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Using Vinyl Record Bowls For Food

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Can food such as nuts or chips be put directly into bowls made from old vinyl records?

By Jan from VA

Recent Answers

Here are the recent answer to this question.

By Lilac [18]01/28/2011

Do not put food in anything that is not manufactured for food. There are chemicals and additives in materials that can make you ill. There may be lead in them.

By Anonymous [848]03/31/2010

As long as they're clean and lined with a thick paper or fabric cloth and it's dried food then yes indeedy doo ;-)

Archives

Thrifty Fun has been around so long that many of our pages have been reset several times. Archives are older versions of the page and the feedback that was provided then.

Archive: Using Vinyl Record Bowls For Food

I was looking at the page on how to make bowls out of old vinyl records. I also saw something on TV about a guy doing this for a living. Anyway, was wondering what you should do to make it water proof. I'm sure you couldn't put it in the dishwasher. But is there a way you could eat out of it?


RE: Using Vinyl Record Bowls For Food

There are now directions on this website for making one:

http://www.thriftyfun.com/tf895928.tip.html (06/07/2006)

By imaqt1962

RE: Using Vinyl Record Bowls For Food

You can find them on Google, but here they are anyway:

  • Choose an LP with a colorful label.
  • Clean the LP with soap and water; dry well.
  • Preheat the oven to 350.
  • Lightly oil one side of the LP (peanut oil is preferable, but any oil will do).
  • Place the LP oiled-side-down on the cookie sheet.
  • Set timer for 1 minute and 35 seconds.
  • Put the cookie sheet into the oven and start the timer.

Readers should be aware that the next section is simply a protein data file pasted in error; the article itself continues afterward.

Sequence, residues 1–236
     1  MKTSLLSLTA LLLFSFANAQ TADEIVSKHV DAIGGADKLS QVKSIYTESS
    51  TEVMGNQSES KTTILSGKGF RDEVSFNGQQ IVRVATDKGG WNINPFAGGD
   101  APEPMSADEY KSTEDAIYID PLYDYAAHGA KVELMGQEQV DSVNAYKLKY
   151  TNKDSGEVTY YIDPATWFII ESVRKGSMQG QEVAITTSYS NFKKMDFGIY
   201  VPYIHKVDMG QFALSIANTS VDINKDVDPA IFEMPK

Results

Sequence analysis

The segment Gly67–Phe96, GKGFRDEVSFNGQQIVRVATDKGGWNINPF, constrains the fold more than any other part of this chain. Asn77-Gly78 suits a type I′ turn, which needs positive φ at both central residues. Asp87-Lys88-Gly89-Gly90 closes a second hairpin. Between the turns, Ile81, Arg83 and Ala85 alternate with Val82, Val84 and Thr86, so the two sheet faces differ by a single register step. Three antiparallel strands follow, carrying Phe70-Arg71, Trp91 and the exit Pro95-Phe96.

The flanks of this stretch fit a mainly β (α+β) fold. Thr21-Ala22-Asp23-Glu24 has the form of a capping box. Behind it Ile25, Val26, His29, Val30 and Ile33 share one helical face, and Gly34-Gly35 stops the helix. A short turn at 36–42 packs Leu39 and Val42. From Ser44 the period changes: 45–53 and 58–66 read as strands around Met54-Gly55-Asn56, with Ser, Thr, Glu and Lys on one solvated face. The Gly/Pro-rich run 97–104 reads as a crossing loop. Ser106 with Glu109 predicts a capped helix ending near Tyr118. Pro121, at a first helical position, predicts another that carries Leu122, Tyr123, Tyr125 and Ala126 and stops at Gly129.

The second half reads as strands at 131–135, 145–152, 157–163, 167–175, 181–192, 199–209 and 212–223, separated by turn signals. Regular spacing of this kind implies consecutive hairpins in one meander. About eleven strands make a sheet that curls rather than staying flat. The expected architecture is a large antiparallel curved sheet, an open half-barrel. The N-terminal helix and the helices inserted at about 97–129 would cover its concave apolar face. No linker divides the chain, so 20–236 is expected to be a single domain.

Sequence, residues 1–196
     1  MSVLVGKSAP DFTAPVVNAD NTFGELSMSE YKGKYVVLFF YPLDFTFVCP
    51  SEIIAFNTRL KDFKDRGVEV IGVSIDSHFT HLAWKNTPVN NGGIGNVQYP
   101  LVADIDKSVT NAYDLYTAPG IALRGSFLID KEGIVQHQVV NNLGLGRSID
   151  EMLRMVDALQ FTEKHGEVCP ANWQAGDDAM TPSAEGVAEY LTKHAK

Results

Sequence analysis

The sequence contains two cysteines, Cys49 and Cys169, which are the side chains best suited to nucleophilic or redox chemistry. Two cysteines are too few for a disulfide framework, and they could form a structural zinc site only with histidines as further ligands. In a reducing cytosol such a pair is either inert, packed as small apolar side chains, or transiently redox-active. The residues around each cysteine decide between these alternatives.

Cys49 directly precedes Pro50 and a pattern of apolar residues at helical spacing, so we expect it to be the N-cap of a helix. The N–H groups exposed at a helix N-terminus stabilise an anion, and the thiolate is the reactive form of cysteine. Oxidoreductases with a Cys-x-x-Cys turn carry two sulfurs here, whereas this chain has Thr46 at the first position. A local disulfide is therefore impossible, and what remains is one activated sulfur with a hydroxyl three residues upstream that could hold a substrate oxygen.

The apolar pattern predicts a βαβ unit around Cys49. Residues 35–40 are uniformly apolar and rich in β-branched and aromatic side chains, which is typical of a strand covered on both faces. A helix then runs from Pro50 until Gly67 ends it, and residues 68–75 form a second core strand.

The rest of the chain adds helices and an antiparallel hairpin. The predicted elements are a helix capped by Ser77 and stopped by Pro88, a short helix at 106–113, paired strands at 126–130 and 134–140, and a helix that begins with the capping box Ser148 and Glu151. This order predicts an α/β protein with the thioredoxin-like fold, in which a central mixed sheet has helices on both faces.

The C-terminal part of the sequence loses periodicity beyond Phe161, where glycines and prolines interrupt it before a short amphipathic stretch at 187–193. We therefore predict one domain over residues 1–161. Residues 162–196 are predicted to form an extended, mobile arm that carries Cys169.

• After 45 seconds, flip the LP over so it heats evenly.

    When the time is up, take the LP off of the cookie sheet and begin molding, turning up the sides to create a wavy bowl shape. The bowl should not be too hot; if it is, wearing gloves does the trick. (Caution: Do not wear plastic gloves.) You have only 20 to 30 seconds of playtime to shape the bowl, so be nimble.

    If your bowl looks wrong, put it back in the oven for another 10 to 15 seconds. That will give you more playtime. If your bowl is still lopsided, put the LP back in the oven until it wilts into its original flat form and start again. The finished product will be smaller than you might expect. In-house research has shown that three bananas, one large apple, or four heads of garlic will fit into the average bowl.

    Good Luck! (05/21/2007)

    By Zoe

    RE: Using Vinyl Record Bowls For Food

    While that's awesome artistically, vinyl is a very reactive plastic and will potentially leach plasticizer and polyvinyl chloride into the food that's in the bowl. While the polyvinyl chloride is molten, it is especially susceptible to leaching, so wearing gloves to make it would be very helpful. (11/28/2007)

    By DJ Delphi

  • Archive: Using Vinyl Record Bowls For Food

    ***

    Using Vinyl Record Bowls For Food
    *** I'd like to find out a very good, washable sealant to put on plastics so they can be used as washable chip dishes. I make vinyl record bowls, but when I use Modge Podge on them it seems to finally come off and ruin the designs I paint or glue on them. So I would like to find a stronger sealant to use on them. Any suggestions?

    By mmandee219 from Spokane, WA


    RE: Using Vinyl Record Bowls For Food

    I think that I would put a clear plastic or glass bowl inside then you would not have to seal it. (09/16/2009)

    By thriftmeg

    RE: Using Vinyl Record Bowls For Food

    RE: Using Vinyl Record Bowls For Food

    Use patio paint or an acrylic paint. (09/16/2009)

    By thegoodlife

    RE: Using Vinyl Record Bowls For Food

    I would only use them for chips or other dry foods. I'd feel strange about using hot and/or wet food in a dish with a home-applied sealant. The only information I know to back this up is that a lot of Mexican ceramic ware is labeled "not for food use" and these have designs painted inside. I don't have an address, but if you wrote a craft association, they could maybe help you. Look in a home crafts magazine for "sources" in the back. (09/17/2009)

    By tennesue

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